The majority of cancers are caused by random genetic changes and environmental exposures — things like sunlight, tobacco smoke, and the human papillomavirus (HPV). But Memorial Sloan Kettering researchers have found that, at least among people with metastatic or recurrent disease, 17% of cancers are caused by an inherited gene mutation. Cancers caused by hereditary mutations may arise at a younger age; their presence also suggests that the patient — as well as their family members — may be at risk for other cancers.
Research from MSK published June 16, 2021, in the Journal of Clinical Oncology (JCO) shows that about half of those with inherited mutations have genetic changes that can be targeted with either approved or investigational drugs. These so-called therapeutically actionable mutations exist in 8% of cancer patients overall. The study includes data on nearly 12,000 patients with more than 50 different kinds of cancer who had genetic analysis at MSK between 2015 and 2019.
As scientists learn more about the inherited causes of cancer, it’s becoming increasingly important to test people with cancer for these inherited mutations, also called germline mutations. “At MSK, we’re offering germline testing to more and more of our patients,” says medical oncologist Zsofia Stadler, Clinical Director of the Clinical Genetics Service and the paper’s lead author. “In addition to identifying which people with cancer may be at risk for new malignancies, we are now also using inherited-genetic test results to help inform the selection of cancer treatment, thereby ensuring that patients are receiving the best possible therapy.”
Growth in Treatments Targeting Inherited Mutations
MSK is able to do wide-ranging germline testing on patients thanks to MSK-IMPACTTM, a diagnostic tool that looks for mutations in more than 500 genes linked to cancer. Tests that look for mutations in many cancer genes simultaneously are available at other hospitals, but MSK-IMPACT is unique. That’s because in addition to analyzing tumor tissue, it also scans patients’ normal tissue (usually a blood sample) for comparison. Very early in the development of MSK-IMPACT, MSK’s clinical geneticists realized that having gene sequences of patients’ noncancerous tissue would reveal germline cancer mutations, which are carried in all the cells of the body.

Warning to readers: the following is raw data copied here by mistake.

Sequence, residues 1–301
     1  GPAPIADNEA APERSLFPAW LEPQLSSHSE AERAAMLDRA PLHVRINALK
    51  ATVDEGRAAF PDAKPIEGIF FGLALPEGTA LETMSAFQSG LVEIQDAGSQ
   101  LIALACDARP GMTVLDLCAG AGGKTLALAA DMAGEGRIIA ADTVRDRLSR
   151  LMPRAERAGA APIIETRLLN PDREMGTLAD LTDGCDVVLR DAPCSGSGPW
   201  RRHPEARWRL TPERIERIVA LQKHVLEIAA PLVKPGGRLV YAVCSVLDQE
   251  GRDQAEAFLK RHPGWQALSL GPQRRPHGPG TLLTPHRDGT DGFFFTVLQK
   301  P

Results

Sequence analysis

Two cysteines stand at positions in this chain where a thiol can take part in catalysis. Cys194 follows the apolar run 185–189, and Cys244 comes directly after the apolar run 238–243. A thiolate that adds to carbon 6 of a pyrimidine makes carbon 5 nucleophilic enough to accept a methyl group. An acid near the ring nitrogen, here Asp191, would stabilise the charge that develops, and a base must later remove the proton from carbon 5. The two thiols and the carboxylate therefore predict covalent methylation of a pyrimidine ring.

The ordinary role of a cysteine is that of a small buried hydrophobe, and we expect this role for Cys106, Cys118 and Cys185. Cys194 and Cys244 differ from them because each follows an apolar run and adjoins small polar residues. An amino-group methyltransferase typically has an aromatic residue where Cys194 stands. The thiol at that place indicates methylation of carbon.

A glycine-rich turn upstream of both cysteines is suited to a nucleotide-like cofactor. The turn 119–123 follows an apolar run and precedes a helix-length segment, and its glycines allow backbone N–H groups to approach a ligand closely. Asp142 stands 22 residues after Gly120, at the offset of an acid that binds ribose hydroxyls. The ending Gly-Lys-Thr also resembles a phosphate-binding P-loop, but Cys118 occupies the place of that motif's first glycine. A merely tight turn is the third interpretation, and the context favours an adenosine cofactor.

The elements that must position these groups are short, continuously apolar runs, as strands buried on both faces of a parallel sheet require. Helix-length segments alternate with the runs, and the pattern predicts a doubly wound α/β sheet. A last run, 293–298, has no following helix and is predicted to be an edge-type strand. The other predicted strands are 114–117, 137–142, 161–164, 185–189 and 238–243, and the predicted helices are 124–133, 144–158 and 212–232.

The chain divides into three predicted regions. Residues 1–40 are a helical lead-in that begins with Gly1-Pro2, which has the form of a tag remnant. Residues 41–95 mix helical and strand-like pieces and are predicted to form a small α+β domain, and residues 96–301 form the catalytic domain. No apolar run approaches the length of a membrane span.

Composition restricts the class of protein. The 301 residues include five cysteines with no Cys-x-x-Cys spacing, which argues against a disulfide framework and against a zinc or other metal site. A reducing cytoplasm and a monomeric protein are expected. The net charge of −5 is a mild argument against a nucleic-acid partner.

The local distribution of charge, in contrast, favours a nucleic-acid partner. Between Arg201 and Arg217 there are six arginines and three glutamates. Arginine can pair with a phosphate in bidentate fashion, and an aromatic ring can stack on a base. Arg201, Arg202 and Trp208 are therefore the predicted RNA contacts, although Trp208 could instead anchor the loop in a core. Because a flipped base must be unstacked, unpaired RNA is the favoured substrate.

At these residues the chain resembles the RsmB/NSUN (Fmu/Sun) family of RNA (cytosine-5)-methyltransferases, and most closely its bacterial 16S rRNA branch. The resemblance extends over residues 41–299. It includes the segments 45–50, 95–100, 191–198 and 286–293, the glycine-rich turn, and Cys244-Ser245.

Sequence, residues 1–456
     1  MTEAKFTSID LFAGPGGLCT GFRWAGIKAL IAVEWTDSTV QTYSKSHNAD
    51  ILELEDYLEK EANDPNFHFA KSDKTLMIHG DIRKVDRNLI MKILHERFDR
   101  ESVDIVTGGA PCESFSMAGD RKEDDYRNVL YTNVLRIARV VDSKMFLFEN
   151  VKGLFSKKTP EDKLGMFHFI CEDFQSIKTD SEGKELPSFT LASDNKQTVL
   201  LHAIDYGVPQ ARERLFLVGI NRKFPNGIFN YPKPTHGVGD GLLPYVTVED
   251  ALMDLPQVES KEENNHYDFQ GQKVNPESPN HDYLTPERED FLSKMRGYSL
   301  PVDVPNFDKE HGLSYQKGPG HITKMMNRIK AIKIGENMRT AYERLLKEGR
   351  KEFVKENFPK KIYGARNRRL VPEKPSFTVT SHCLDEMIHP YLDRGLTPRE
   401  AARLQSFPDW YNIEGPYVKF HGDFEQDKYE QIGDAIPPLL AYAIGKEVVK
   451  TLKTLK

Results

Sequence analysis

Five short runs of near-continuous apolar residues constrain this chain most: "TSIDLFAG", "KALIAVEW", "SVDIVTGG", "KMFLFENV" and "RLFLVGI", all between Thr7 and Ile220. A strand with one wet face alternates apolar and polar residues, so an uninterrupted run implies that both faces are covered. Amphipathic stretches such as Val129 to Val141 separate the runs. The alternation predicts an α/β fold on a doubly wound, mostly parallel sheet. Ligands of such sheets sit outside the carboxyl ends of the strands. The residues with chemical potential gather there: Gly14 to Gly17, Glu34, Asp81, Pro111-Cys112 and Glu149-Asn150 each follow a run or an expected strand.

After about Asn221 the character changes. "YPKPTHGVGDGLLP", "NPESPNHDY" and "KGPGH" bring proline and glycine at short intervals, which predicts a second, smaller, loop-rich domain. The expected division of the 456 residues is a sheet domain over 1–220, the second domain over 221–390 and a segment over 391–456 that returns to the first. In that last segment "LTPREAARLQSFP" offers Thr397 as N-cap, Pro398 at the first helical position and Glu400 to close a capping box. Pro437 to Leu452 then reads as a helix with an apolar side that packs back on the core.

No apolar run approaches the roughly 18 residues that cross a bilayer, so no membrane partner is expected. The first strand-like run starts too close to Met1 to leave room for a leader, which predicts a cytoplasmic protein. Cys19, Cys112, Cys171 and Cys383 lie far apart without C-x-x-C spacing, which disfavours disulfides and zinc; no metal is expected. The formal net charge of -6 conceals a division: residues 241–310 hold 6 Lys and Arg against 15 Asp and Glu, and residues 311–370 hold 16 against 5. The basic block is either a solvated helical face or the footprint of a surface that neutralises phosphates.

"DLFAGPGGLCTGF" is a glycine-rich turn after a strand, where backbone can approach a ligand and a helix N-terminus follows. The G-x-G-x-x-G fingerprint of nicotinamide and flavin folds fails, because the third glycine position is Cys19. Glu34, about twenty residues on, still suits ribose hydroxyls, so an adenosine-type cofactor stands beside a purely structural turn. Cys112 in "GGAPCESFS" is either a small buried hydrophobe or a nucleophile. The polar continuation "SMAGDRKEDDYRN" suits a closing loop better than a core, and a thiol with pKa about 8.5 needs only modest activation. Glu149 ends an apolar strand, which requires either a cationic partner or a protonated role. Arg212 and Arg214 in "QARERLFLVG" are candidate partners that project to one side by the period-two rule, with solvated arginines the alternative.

In 2017, a team led by Clinical Genetics Service Chief Kenneth Offit published a study in the Journal of the American Medical Association (JAMA) that for the first time reported the 17% figure. That number has since been confirmed with larger studies, including the new JCO study. At the time the JAMA study came out, the most important implication was that if a patient learned their cancer was caused by an inherited mutation, they knew they could be at risk for additional cancers. They also could inform family members who may also be at risk. Drugs that actually target germline mutations were still very new and were only approved for a few cancers.
Since then, the number of available therapies directed at germline mutations has taken off. Drugs called PARP inhibitors, which target changes caused by mutations in the genes BRCA1 and BRCA2, are now approved for breast, ovarian, prostate, and pancreatic cancers and are being studied in additional cancer types. Immunotherapy drugs like pembrolizumab (Keytruda®) have proven effective against cancers caused by mutations in DNA mismatch repair genes, including in people with Lynch syndrome, a hereditary cancer condition.Back to top